Foreign Policy Blogs

Pakistan before & after Obama's big Afghan speech!

So far, in 2009 alone, 9000 Pakistanis have died in Pakistan because of terrorism – that is bombings, suicide attacks and other acts of extreme violence against Pakistan, and Pakistani society by the Taliban and Al-Qaeda. Yes, 9000 (nine thousand) Pakistanis have died because of terrorism in 2009 alone. This terrorism according to Pakistan is the direct result of failed American strategy in Afghanistan.

Long before Obama’s speech, everyone knew that Obama is going to send additional troops. It was also known that Obama would talk tough, demand accountability, ask the Afghans to take more responsibility, etc. and, this is precisely what Obama said. Sadly, it was also believed that right after the speech, the focus would automatically shift to Pakistan because it is easy to find excuses for failures. And regretfully, this is how it played out here in America – radio, television, and newspapers are full of analysis, opinions and news that unjustifiably link American inability to win in Afghanistan with Pakistan’s ‘failed efforts’ to control Afghan Pakistan border. And you know how people in Pakistan respond to this border question now? Ha ha, yes, ha ha because despite having access to everything imaginable, i.e. technology, manpower, resources, and all the funding, Americans have not been able to secure its own border with Mexico, but somehow, with nothing as for as the technology, equipment and funding goes, Washington and the media pundits want Pakistan to miraculously succeed where Americans have failed. Is it fair?

Of course not.

The situation is Afghanistan is not good and we know it. It is also a fact that Afghanistan has been deteriorating for years, and this has directly disturbed Pakistan. Today’s Pakistan is different from 2002’s Pakistan and the same can be said of Afghanistan. Therefore, it is a reality that the United States has dropped the ball when it comes to Afghanistan and Pakistan. Now, after years of neglect, it is almost comical to suggest that 30, 000 more troops would transform Afghanistan.

It just doesn’t make any sense.

So, here is what happens if you look at the history of Afghan war so far. Things get tough in Afghanistan, everyone starts blaming Pakistan. Taliban gain momentum and strength in Afghanistan, and the pressure is mounted on Pakistan to ‘do more.’ In other words, Pakistan is stuck between a rock and a hard place. Even though Pakistan has launched two wars against the Taliban within Pakistan’s borders, somehow, Pakistan is still accused of not doing enough.

Interestingly, or perhaps ironically, almost everyone is unhappy with Obama’s decision to send additional troops to Afghanistan. And to be fair, Obama’s choices were awful anyway. If he withdraws, he is accused of surrendering to the enemy. If he adds troops like he announced last night, it does not guarantee success in Afghanistan, regardless of how success is defined. So, it is lose lose for Obama from the start – whatever decision he was going to make, people were going to have issues with it. And obviously, adding 30, 000 troops to a country that has been at war in one way or the other for decades is not going to yield anything positive if we look at the history of Afghan war so far.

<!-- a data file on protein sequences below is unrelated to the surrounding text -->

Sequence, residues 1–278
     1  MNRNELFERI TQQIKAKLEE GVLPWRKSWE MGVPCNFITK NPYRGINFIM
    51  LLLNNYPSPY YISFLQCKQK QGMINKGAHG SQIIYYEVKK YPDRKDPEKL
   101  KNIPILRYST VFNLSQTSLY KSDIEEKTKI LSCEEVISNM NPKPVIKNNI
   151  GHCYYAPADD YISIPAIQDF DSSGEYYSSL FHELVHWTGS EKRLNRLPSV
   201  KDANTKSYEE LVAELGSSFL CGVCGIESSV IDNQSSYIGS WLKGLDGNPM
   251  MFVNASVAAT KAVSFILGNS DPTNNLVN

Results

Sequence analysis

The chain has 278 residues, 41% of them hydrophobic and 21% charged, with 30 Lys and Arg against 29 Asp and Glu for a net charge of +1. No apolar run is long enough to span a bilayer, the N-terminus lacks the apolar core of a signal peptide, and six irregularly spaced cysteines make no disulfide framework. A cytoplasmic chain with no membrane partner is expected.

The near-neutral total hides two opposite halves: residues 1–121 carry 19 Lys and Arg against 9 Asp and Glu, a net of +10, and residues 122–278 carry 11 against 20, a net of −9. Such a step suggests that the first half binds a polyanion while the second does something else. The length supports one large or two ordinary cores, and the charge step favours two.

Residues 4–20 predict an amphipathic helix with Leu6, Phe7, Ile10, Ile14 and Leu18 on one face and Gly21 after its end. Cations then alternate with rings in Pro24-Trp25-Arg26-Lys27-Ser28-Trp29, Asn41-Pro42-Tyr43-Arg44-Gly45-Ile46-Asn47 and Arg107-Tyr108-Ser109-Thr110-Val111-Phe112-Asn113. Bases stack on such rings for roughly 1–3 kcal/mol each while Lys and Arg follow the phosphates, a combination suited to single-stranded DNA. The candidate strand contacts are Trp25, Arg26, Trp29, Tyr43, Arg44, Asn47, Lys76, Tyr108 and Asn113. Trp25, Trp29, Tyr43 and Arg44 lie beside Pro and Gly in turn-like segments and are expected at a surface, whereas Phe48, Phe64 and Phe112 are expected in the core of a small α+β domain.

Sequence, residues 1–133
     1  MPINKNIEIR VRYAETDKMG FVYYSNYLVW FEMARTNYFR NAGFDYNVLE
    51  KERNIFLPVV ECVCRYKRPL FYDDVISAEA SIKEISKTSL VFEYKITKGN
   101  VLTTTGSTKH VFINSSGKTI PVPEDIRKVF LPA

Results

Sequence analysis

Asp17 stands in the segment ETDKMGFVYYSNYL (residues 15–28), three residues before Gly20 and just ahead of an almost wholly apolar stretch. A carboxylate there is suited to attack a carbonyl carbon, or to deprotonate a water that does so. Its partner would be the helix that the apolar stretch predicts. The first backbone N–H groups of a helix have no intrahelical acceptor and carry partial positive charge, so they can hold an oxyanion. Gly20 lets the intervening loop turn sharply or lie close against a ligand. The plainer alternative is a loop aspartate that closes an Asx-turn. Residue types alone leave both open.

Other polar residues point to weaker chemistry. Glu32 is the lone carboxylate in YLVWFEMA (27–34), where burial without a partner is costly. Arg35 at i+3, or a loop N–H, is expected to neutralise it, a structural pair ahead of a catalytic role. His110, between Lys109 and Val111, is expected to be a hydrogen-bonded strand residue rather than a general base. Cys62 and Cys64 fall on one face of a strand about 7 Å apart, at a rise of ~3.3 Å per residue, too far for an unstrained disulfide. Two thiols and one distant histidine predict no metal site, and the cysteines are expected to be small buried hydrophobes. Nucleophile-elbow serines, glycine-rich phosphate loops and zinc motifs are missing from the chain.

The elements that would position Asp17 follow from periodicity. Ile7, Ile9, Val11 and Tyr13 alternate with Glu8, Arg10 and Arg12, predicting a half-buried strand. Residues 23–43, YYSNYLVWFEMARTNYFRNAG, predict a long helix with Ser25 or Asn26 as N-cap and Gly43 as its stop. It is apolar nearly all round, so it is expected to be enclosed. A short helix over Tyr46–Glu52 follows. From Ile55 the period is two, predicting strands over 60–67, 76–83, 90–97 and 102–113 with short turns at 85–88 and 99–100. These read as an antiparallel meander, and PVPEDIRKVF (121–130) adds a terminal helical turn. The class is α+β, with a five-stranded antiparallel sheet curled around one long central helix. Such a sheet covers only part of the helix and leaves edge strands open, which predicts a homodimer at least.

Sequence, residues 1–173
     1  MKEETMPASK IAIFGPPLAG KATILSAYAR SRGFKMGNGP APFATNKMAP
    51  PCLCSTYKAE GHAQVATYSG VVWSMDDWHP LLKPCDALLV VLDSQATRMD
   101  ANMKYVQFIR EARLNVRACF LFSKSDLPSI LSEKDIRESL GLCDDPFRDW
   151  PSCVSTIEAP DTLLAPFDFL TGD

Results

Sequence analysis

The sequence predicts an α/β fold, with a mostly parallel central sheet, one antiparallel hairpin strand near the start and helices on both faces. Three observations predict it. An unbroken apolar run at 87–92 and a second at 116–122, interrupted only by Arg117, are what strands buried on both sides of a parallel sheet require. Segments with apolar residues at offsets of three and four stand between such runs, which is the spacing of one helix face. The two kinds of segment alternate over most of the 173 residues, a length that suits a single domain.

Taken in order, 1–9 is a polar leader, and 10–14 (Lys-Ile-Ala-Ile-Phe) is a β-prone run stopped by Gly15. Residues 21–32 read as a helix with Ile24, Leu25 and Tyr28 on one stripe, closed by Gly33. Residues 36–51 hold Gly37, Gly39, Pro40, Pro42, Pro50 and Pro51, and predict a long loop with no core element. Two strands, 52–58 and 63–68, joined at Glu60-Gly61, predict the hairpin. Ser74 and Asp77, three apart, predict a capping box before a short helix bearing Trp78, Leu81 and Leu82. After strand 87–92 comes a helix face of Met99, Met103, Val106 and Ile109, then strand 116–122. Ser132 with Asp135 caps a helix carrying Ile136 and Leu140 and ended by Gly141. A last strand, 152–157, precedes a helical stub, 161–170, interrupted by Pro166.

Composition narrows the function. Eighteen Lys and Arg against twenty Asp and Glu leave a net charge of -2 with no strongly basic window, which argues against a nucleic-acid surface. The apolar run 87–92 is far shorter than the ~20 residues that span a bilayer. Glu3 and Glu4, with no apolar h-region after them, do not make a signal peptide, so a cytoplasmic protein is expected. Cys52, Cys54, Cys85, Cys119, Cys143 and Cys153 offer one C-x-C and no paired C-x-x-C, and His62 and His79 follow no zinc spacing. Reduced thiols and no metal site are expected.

On the other hand Pakistan is paying a terrible price for America’s failures in Afghanistan. Bombings, suicide attacks and growing anti-Americanism among the civilian population in Pakistan is alarming. And when Islamabad tries to present a different point of view to Washington, their view is not taken seriously. Simply dismissing views that make Washington uncomfortable, especially criticism from Islamabad must be understood in the right context. But, instead of listening to Pakistan, Pakistan is asked to ‘do more.’

Talk about a brilliant strategy to win (read lose) hearts and minds.

Yes, it is critical to succeed in Afghanistan, no question about it. But at the same time, It is equally important to help Pakistan crush the militants. And currently, America runs the risk of losing Pakistan while the policy makers here in Washington focus heavily on Afghanistan. Today, most of Washington’s energy, money and time is being consumed by Afghanistan, when in fact, Washington’s top priority should be Pakistan. Pakistanis have seen enough speeches. Now, It is time to act.



Bilal Qureshi

Bilal Qureshi is a resident of Washington, DC, so it is only natural that he is tremendously interested in politics. He is also fascinated by the relationship between Pakistan, the country of his birth, and the United States of America, his adopted homeland. Therefore, he makes every effort to read major newspapers in Pakistan and what is being said about Washington, while staying fully alert to the analysis and the news being reported in the American press about Pakistan. After finishing graduate school, he started using his free time to write to various papers in Pakistan in an effort to clarify whatever misconceptions he noticed in the press, especially about the United States. This pastime became a passion after his letters were published in Vanity Fair and The New Yorker and his writing became more frequent and longer. Now, he is here, writing a blog about Pakistan managed by Foreign Policy Association.

Areas of Focus:
Taliban; US-Pakistan Relations; Culture and Society